Go to Node Type Administration console, click on Import  Node Type, copy/paste the CND file in the textarea, keep “Automatically register nodetype” checkbox and “Automatically register defined namespaces” checked. Click on submit and your custom node type will be registered.

  • Without using CND files

Go to Node Type Administration console,click on Create Node Type and enter the details about Node Name , child Node defintions , property definitions , supertypes etc. Click on the [Register Node Type] link at the bottom of the page to register this newly created Node type. Check the nodetype in Node type Administration console.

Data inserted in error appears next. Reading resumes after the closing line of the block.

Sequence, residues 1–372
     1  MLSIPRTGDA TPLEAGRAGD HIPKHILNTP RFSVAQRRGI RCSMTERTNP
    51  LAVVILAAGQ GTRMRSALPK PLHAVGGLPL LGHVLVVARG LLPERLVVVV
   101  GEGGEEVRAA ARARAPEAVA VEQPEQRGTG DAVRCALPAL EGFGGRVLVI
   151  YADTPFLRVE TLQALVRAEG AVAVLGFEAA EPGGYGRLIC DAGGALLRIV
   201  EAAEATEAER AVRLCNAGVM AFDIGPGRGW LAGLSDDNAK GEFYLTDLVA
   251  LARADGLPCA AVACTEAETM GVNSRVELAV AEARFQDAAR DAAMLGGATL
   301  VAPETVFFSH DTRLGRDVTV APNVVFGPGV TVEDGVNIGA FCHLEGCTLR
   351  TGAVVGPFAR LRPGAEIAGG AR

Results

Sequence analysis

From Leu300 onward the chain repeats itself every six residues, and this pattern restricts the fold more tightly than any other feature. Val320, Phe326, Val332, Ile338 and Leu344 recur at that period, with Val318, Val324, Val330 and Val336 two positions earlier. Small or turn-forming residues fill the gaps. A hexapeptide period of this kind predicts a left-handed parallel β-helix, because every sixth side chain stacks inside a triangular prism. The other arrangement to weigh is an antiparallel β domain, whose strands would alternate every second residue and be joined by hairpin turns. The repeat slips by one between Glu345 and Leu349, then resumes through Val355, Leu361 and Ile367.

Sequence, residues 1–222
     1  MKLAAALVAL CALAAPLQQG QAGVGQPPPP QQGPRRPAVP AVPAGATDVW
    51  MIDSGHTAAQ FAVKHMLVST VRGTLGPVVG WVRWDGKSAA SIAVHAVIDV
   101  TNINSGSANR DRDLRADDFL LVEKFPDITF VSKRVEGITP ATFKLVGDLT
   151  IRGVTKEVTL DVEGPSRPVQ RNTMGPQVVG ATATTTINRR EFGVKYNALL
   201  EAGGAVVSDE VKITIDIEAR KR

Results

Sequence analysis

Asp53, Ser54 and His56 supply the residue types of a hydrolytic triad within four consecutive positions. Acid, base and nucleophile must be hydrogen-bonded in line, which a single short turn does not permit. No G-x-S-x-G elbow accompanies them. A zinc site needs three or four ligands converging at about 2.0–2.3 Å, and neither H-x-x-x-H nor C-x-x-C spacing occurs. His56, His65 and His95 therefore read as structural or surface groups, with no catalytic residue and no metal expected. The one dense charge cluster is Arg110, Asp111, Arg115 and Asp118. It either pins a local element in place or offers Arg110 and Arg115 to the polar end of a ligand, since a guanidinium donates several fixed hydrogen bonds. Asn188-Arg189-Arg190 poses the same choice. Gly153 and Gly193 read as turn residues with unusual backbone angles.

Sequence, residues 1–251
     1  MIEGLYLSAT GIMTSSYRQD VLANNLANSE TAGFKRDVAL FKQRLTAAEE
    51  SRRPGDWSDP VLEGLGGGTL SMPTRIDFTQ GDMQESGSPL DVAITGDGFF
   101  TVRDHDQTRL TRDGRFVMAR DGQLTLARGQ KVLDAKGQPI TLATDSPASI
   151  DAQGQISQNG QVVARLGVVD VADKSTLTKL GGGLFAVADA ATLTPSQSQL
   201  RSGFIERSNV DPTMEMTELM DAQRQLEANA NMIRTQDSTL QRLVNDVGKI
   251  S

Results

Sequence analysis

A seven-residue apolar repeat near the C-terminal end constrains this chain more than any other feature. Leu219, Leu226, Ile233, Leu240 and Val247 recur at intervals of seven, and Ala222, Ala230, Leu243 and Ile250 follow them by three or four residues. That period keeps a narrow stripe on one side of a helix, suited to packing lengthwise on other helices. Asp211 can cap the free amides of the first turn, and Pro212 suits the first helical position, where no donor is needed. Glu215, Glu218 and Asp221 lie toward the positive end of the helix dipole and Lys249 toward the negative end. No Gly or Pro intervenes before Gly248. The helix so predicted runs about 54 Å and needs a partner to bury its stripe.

2. Programmatically

We can register the nodetype programmatically as well.

  • Using CND file.

We can use JCR Commons CndImporter to register it. Following is the code snippet to regsiter it. Create a CND file say nodetypes.cnd having the definition of the new node type. Make this file as a part of the bundle.

  • Without using CND file.

We can use JCR API to create a new node type and register it. Following is the code snippet to register it.


session = slingRepository.loginAdministrative(null); 

NodeTypeManager manager = (NodeTypeManager)session.getWorkspace().
getNodeTypeManager();
NamespaceRegistry ns=session.getWorkspace().getNamespaceRegistry();
ns.registerNamespace("cp","https://codepearlz.wordpress.com/CustomNode");

// Create node type
NodeTypeTemplate nodeTypeTemplate = manager.createNodeTypeTemplate();
nodeTypeTemplate.setName("cp:testNodeType");
// Create a new property PropertyDefinitionTemplate